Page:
This list was prompted by bandcamp‘s decision to donate 100% of their proceeds on Aug 4th to the Transgender Law Center – a nonprofit organization that works tirelessly to change law, policy, and culture for the more equitable. 


Lushloss – Asking/Bearing

Lushloss, the project of Seattle-based Olive Jun, is an immersive, personal reflection that hits home. It peels back the layers of armour in which we cover ourselves and urges us to be softer, kinder, more aware. Interweaving conversations with her mother throughout, Jun has masterfully created an album that feels undeniably human in its beauty, reminding us that although connection can be difficult, it’s crucial in finding out who we are.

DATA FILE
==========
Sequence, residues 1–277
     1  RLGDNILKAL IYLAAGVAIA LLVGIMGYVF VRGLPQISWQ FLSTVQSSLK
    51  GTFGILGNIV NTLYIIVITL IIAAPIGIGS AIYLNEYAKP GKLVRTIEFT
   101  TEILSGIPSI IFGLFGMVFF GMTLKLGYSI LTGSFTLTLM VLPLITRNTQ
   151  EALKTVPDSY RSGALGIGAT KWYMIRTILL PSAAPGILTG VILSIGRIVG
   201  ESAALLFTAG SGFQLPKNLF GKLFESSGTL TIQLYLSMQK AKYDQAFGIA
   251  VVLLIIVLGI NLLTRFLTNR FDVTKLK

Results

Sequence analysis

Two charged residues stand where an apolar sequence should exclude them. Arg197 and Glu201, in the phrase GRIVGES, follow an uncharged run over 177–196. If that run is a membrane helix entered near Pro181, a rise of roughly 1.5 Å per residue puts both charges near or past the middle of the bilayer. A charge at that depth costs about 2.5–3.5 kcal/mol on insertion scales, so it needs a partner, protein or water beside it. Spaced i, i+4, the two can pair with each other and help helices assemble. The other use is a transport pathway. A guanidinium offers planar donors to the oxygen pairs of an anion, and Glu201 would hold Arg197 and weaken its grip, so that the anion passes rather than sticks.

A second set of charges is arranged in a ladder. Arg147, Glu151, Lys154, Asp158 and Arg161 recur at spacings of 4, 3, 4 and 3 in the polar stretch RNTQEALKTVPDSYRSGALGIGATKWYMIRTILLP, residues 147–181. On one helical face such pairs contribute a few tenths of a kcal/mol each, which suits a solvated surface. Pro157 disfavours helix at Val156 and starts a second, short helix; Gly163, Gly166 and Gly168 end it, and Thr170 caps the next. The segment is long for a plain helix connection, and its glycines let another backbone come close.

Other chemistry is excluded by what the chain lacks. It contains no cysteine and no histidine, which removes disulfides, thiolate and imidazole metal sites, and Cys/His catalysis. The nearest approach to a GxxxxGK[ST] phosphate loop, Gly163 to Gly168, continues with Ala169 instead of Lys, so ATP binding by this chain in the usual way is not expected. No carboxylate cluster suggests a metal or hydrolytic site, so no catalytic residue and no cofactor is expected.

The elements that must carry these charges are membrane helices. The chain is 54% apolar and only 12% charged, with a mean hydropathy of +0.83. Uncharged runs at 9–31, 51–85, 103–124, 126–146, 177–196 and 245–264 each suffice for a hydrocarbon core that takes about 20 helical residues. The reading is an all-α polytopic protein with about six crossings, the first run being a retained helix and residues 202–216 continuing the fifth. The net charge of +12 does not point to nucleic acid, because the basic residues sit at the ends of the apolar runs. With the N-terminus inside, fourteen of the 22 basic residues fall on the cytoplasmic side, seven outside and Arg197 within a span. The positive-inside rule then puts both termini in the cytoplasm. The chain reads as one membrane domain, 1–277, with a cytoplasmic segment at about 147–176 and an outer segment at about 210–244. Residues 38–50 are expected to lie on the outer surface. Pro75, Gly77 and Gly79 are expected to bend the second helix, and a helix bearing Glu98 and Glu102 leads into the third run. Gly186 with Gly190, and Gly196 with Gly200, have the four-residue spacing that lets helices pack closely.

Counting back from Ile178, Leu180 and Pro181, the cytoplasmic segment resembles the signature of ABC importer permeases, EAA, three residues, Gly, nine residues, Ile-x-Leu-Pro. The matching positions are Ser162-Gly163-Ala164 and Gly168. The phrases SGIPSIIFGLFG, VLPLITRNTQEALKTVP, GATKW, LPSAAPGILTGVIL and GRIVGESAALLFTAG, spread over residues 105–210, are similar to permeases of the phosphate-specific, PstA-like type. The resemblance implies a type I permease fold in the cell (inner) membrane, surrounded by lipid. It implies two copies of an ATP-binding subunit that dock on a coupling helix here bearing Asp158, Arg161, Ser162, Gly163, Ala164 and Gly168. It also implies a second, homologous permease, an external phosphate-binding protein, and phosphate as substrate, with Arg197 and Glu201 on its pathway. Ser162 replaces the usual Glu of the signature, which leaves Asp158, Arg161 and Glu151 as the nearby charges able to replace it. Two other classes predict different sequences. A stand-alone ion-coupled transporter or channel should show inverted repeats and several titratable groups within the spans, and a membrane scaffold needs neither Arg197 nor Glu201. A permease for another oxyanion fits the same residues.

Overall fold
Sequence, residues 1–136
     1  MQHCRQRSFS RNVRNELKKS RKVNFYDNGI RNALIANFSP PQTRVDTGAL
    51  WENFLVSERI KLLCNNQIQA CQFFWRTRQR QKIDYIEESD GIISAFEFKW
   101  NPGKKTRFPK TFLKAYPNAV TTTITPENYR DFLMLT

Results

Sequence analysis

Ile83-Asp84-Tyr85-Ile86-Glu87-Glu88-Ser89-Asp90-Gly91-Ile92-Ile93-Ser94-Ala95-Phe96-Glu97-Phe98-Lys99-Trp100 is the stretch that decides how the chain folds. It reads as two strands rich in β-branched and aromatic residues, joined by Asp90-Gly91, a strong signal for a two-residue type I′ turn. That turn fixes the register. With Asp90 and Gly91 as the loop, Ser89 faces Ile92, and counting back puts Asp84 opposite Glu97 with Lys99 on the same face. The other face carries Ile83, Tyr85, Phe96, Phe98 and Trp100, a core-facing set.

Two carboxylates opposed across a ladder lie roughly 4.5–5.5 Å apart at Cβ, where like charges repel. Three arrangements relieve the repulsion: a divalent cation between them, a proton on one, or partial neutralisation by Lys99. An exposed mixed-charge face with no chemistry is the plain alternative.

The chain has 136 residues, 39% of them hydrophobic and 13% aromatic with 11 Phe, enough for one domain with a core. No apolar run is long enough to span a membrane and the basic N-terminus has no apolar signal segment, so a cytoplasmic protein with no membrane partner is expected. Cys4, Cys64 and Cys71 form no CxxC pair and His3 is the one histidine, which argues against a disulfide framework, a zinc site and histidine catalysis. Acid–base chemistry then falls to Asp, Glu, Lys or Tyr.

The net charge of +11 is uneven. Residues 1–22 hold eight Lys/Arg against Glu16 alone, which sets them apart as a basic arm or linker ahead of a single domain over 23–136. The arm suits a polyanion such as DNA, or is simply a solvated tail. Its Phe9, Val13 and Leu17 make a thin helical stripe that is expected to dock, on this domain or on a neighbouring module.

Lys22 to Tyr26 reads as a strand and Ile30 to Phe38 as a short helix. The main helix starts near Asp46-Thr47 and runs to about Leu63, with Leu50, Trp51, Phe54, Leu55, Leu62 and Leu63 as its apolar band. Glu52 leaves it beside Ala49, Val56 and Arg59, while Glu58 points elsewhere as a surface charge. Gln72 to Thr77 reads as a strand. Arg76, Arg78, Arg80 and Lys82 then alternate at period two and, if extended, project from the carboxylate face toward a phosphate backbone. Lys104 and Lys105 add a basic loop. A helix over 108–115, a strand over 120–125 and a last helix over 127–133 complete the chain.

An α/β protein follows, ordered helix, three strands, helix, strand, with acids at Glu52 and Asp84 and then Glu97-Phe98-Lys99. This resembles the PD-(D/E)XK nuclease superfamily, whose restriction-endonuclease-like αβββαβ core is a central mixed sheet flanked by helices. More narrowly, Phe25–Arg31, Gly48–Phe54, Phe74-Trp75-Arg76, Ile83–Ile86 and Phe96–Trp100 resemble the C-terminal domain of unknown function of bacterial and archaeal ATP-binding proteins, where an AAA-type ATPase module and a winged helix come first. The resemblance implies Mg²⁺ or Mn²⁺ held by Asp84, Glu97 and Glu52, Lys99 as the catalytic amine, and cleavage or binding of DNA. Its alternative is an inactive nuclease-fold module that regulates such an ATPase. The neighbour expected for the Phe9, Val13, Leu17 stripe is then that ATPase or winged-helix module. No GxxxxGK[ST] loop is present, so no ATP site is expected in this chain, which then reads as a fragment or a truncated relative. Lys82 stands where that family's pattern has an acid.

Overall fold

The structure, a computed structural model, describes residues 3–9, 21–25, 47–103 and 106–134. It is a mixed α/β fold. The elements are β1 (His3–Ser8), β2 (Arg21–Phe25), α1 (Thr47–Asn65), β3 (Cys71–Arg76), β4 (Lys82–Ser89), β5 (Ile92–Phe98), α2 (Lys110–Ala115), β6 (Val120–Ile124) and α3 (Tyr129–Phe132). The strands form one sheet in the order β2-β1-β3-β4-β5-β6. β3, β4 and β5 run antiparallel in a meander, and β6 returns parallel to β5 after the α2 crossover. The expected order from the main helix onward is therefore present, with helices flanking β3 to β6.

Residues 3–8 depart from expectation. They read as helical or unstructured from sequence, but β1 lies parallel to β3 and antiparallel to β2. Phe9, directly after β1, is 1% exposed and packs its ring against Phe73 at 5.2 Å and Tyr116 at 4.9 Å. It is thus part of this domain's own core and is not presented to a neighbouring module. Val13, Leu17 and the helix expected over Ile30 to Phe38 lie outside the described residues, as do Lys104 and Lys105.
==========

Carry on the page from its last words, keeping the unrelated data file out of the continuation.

Leor Miller – Xtra Strength

It was Leor’s tweets that shifted our focus from great records on Bandcamp to great records from transgender artists on Bandcamp, so thanks to her for highlighting an important point regarding today’s occasion. More than just an important voice, Leor has also released a new collection of songs this week and her gnarly/pretty, emo-leaning bedroom pop songs quickly bury themselves under your skin.



Happy – The Endless Bummer

Hailing from Columbia, South Carolina, Happy are a four-piece emo-rock outfit that produce seamless catchy hooks and self-deprecating lyricism. Their tongue-in-cheek approach to growing up is as infectious as it is relatable and with songs like “You’ll Probably Never Hear This Because it isnt by Dashboard Confessional,” what’s not to like?



Humanly – My peak was a molehill

This gorgeously eerie EP is a kaleidoscope of whispering vocals, haunting instrumentals and stark, intimate layers. An electronic project that focuses on puzzle-like construction, Humanly manages to encompass imagery of wandering winter mornings, darkened corners and nights spent alone and restless.